Assemblies of God U.S. missionary candidate Jenny E. Miller and her husband, Sean, are serving in Chaplaincy Ministries in Cantonment, Florida, to create resource centers to help meet the needs of children in foster care, their birth families, and foster homes.
The Millers previously had no desire to become foster parents. However, Jenny learned from an experience of fostering twin baby boys that there is a great need for support, not only for the children in foster care, but for the birth families and foster parents as well.
After years of wrestling with infertility, the Millers had prayed about whether to adopt a child, when they received a call asking them to consider adopting a friend’s twin grandsons. They agreed and took the babies into their home.
Miller, 35, felt elated to finally have children and immediately bonded with the twins. But because the birth mother’s rights had not yet been terminated, the adoptions fell through.
Although saddened at first, with an open heart and loving arms, Miller reached out to the birth mother and helped mentor her to a healthier lifestyle, eventually seeing her accept Christ as Savior.
Through the support of the newly created friendship with Miller, the twins’ mother has stayed clean from drug addiction for the past two years and is now raising her sons on her own.
“I fell in love with keeping other people’s kids while they, and hopefully their families, meet Jesus,” Miller says.
The first resource center is targeted for Pensacola, Florida, with a tentative launch date of January 2022. It will be based at a still-to-be-determined local church and host the required classes for new foster parents, in addition to providing meals and baby-sitting for the families attending.
“It’s important that we cross denominational lines, have other churches come together, and make this a West Florida effort,” says Miller.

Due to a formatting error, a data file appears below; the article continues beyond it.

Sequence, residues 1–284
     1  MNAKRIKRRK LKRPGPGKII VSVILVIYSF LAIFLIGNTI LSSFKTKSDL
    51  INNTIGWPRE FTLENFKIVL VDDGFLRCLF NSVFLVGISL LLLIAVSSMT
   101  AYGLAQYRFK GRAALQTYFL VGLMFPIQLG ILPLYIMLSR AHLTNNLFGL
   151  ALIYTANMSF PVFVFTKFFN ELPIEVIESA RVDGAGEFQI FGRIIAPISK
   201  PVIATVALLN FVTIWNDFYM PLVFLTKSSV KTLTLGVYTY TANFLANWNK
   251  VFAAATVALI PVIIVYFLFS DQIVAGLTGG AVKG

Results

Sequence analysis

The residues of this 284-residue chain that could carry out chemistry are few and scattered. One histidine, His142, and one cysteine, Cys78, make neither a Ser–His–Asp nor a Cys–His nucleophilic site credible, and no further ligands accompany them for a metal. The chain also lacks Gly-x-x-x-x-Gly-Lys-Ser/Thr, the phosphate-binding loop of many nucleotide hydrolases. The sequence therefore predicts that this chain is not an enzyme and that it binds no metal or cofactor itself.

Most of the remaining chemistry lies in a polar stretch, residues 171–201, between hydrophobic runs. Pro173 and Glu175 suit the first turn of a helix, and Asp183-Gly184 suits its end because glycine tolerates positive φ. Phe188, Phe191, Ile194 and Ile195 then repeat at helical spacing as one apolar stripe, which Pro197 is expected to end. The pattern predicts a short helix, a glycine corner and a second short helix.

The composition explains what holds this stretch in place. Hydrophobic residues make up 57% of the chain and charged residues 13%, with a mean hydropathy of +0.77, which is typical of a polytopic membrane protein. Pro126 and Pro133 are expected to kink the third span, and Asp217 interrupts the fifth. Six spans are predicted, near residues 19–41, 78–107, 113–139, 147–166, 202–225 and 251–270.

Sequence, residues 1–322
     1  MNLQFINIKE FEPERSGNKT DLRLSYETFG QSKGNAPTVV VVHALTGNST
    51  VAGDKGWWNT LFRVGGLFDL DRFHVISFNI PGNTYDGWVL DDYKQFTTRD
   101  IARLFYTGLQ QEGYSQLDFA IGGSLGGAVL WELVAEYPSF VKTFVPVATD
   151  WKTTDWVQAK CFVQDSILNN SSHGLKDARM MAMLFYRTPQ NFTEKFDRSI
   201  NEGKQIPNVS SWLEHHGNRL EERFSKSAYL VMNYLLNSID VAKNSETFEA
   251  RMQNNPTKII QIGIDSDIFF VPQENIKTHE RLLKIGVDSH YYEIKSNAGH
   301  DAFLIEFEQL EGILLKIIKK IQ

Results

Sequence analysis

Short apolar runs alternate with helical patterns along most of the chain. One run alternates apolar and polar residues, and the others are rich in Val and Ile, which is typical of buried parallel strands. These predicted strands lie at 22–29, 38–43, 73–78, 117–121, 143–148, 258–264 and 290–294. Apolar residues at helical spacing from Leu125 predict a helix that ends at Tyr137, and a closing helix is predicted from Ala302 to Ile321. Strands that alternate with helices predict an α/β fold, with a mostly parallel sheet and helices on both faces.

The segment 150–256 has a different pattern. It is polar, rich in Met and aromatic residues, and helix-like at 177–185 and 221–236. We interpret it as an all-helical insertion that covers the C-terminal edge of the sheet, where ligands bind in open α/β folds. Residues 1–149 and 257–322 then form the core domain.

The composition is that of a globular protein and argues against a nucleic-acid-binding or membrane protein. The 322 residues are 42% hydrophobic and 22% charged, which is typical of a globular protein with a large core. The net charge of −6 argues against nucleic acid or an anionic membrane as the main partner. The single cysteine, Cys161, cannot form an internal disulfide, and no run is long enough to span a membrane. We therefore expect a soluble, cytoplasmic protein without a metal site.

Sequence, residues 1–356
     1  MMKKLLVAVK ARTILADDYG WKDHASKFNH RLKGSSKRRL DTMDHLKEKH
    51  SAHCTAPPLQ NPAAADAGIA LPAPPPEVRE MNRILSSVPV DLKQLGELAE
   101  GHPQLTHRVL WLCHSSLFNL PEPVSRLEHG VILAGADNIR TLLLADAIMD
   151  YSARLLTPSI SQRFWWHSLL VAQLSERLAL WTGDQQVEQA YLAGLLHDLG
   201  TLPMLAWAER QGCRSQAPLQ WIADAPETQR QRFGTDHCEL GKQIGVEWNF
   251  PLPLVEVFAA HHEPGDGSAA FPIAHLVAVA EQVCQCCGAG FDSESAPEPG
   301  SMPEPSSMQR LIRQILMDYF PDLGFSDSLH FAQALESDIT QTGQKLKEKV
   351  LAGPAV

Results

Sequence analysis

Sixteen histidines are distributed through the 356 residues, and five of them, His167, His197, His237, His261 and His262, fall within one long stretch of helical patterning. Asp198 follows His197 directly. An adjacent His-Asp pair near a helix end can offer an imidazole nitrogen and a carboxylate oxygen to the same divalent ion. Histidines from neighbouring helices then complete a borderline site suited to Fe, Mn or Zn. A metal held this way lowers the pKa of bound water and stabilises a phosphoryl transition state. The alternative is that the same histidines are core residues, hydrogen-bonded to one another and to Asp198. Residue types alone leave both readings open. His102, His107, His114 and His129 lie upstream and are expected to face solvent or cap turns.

Since the foster families will have already connected with and received support from the church volunteers, they will have a network of Christian people to call upon when needs arise.
“Because so much personal contact was lost during COVID-19, government agencies are excited to connect with us to help the families,” says Miller.
Families First Network, a private, nonprofit organization of behavioral health, vocational, and child protective services in Pensacola, has been especially open to partnering with Miller’s efforts. In addition to serving children in care, independent living classes will be conducted for adolescents who become adults and age out of care.
Miller is an ambassador in West Florida for CarePortal, an online site established to serve as a hub for multiple churches, agencies, and individuals to post what is needed in the community. It ultimately will provide a means for connecting people to the resource centers.
Before becoming U.S. missionaries in 2019, the Millers served as youth pastors for 12 years at Victory Assembly of God in Cantonment, where Jeffrey McKee is pastor.
McKee is an avid supporter of Miller and the work she is doing, including the online portal. He says that although state government provides the funding for the care portal, churches can plug in not only to meet the needs of others, but also to post the needs of their own congregants.
The pastor notes that for the past several years Victory Assembly has partnered with Molino Park Elementary School to help a few families in need during the holidays. With Miller networking with other agencies, the church helped 35 children last Christmas.
Since becoming foster parents, the Millers have provided care for 13 children in their home and have adopted two sons. Jordan is 13, and Eli is 11. They are in the process of adopting 6-year-old Arianna and her sister, Avianna, who is 5. Their little 17-month-old brother, Thomas, is also in the couple’s care.
McKee has known Miller since his days as a youth pastor at the church.
“I remember her saying from a young age that she wanted to adopt various children from various backgrounds,” McKee says. “It’s amazing how God has worked it all out.”